Let’s keep in mind that this is spring training, where the optimism is so thick you need a machete to navigate the clubhouse.
PEORIA, Ariz. — “Our roster is questionable and there’s a lot of uncertainty, so I just don’t know if this going to be a good year.”
— No professional athlete ever.
Let’s keep in mind that this is spring training, where the optimism is so thick you need a machete to navigate the clubhouse. Thirty teams are playoff-bound, and 1,200 players are “a great fit for our club.”
So while you shouldn’t get too amped over any high praise, the following should still be noted: The returning Mariners seem genuinely excited about all the changes to their team.
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“The vibe is definitely different now,” third baseman Kyle Seager said. “I’m looking forward to this.”
First-year manager Scott Servais said he wrote an elaborate speech that he planned to give his players on the first day of full-squad workouts Thursday, but ended up scrapping it. Looking back on his 27 previous spring trainings, he realized he couldn’t remember a single thing the manager said on Day 1, so there was no need to go full-blown Churchill.
But he still wanted to send a message. He wanted to instill a mindset. He wanted to ensure that, with the proper attention to detail, the wholesale changes to the roster would lead to wholesale changes in results.
“It’s a little different out there,” Mariners ace Felix Hernandez said. “We do a lot of stuff different now, but it’s good, too.”
Seattle catcher Mike Zunino noted how the atmosphere feels relaxed, but not in an unproductive way. Baseball-related activities, he said, are organized and precise, but there is an element of ice-breaking that the previous regime didn’t implement.
No, returning players aren’t asking new acquisitions to close their eyes and fall backward into their arms. It’s just that Servais wants everybody to know each other as men and not just co-workers.
“A lot of it’s just ‘Say your name. Where are you from? What are your interests? What are your hobbies?’ just stuff where you can start dialogues and get to know them on a personal basis, so that down the road the trust factor is still there,” Zunino said. “It’s a huge part, because it’s not only going to be 25 guys up here throughout the year; it’s going to be 40 guys if not more who are going to be in here. So getting to put names to faces will help give us that seamless transition when people come up to contribute.”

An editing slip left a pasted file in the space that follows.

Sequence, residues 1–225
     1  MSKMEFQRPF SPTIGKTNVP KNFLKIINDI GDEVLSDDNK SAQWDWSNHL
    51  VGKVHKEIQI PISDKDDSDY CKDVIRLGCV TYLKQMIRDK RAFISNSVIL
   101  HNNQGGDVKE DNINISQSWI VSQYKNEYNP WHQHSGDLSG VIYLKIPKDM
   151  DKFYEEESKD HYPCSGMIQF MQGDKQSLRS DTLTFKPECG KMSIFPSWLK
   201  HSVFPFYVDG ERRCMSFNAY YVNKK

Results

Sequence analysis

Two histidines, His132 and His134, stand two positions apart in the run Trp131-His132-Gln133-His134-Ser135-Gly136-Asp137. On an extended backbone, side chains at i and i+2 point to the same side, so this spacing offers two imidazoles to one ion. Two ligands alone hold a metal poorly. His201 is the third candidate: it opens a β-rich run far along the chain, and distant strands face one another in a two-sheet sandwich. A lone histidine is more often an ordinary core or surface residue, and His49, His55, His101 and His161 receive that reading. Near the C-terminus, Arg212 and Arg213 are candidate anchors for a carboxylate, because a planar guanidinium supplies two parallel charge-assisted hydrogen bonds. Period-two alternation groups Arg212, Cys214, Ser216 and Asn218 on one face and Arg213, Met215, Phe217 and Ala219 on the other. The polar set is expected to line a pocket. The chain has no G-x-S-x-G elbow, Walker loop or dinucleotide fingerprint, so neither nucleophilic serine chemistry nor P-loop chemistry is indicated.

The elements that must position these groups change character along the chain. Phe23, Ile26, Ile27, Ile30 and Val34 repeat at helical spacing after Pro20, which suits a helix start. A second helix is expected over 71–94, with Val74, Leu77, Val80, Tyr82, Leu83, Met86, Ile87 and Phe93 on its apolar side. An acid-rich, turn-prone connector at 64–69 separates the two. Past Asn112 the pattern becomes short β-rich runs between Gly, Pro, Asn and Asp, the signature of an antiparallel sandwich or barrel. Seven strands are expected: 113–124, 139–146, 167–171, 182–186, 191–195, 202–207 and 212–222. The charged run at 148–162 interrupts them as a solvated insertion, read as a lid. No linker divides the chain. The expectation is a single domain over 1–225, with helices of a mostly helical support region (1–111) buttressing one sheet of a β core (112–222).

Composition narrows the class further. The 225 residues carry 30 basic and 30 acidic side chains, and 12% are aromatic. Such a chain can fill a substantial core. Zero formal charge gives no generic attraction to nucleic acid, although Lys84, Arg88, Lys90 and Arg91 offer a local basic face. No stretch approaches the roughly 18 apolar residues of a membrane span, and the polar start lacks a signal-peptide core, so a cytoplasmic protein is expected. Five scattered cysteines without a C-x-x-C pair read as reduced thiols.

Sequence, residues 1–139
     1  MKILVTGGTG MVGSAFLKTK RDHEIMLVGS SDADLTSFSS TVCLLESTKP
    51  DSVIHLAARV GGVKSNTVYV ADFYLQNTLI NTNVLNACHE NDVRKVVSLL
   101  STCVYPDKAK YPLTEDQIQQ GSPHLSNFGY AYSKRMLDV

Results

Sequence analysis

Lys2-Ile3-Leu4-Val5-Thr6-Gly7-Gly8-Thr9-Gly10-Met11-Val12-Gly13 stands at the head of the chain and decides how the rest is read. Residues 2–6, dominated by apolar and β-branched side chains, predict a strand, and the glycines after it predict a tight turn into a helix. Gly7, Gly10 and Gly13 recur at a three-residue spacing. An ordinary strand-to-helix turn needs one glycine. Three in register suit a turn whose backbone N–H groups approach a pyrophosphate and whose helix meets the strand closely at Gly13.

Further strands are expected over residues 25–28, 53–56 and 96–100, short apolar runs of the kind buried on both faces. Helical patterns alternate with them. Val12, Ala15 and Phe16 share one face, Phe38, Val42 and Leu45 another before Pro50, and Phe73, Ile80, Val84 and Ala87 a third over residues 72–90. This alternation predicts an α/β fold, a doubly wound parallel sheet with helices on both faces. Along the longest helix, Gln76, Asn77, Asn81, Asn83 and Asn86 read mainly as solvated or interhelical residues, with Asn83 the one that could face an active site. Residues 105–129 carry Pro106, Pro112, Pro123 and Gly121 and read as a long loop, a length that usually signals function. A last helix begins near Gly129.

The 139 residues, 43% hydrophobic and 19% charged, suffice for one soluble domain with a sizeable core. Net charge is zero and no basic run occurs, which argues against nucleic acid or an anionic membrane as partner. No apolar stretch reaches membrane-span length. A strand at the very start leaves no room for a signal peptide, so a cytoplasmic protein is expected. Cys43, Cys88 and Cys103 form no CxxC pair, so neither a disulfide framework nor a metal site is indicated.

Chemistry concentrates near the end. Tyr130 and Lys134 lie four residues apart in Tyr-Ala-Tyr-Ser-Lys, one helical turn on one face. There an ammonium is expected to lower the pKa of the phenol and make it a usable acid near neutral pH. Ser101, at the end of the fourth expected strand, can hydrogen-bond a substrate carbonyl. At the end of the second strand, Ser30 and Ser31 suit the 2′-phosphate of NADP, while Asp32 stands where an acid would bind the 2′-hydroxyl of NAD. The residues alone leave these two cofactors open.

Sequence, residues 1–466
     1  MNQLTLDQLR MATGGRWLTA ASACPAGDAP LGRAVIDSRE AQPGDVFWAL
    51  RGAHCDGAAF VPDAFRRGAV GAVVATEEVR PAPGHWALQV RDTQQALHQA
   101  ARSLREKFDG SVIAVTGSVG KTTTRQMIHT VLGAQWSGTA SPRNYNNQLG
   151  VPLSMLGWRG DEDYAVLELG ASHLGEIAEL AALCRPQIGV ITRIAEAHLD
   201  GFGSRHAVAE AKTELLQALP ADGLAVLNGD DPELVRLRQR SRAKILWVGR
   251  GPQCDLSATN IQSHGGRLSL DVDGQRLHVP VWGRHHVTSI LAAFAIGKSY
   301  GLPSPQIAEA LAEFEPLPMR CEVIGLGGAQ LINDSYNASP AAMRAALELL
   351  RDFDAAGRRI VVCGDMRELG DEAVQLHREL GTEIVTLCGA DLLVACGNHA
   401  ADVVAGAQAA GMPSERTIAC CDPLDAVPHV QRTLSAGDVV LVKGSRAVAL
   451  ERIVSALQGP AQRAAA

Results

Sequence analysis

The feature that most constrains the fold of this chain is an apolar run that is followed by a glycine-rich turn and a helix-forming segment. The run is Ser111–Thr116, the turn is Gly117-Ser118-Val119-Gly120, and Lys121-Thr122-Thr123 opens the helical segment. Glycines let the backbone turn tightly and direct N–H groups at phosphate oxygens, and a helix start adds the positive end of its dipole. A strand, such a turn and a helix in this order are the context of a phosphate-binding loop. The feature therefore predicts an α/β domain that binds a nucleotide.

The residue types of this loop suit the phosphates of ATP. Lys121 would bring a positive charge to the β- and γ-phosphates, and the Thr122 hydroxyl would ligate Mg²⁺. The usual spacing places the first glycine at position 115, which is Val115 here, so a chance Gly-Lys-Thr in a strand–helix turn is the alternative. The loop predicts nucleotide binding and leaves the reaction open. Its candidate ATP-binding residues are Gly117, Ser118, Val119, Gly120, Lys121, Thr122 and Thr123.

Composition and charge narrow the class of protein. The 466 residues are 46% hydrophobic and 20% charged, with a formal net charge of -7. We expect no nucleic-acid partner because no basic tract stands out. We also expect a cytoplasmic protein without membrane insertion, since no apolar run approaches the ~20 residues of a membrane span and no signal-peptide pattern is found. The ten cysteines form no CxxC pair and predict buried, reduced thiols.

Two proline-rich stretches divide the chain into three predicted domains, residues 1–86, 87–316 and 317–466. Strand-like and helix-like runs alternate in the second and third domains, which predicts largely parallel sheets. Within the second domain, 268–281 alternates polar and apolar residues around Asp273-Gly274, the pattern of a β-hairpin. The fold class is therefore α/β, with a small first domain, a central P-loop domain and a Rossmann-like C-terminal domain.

Of course, a catcher learning that a pitcher enjoys origami and stamp collecting isn’t going to matter much if they aren’t playing well. The stat geeks haven’t come up with a metric for Hobbies Shared per Plate Appearance yet.
At the end, middle and beginning of the day, it’s about what you can contribute between the lines — and that’s what the Mariners are curious to see.
You have to think that part of the reason the “vibe” is different from last year is because there aren’t sincere expectations of a playoff run among pundits and fans. This isn’t a team that won 88 games before adding Nelson Cruz — it’s one that won 76 games before adding a flurry of names that have never walked Major League Baseball’s red carpet.
Doesn’t mean the M’s don’t still think they can win. They just know the blueprint for winning got a complete redesign.
“The changes that were made made a lot of sense,” Seager said. “Players are more athletic. We’re faster on the basepaths. There’s a lot more tempo around here.”
Obviously, faster personnel doesn’t guarantee an accelerated win total. Plenty of general managers have inspired fans in the winter only to incense them in the spring. For now, though, this Seattle team seems jazzed about what it can accomplish this season.
As fans, you don’t have to be sold, but you should know the Mariners have bought in.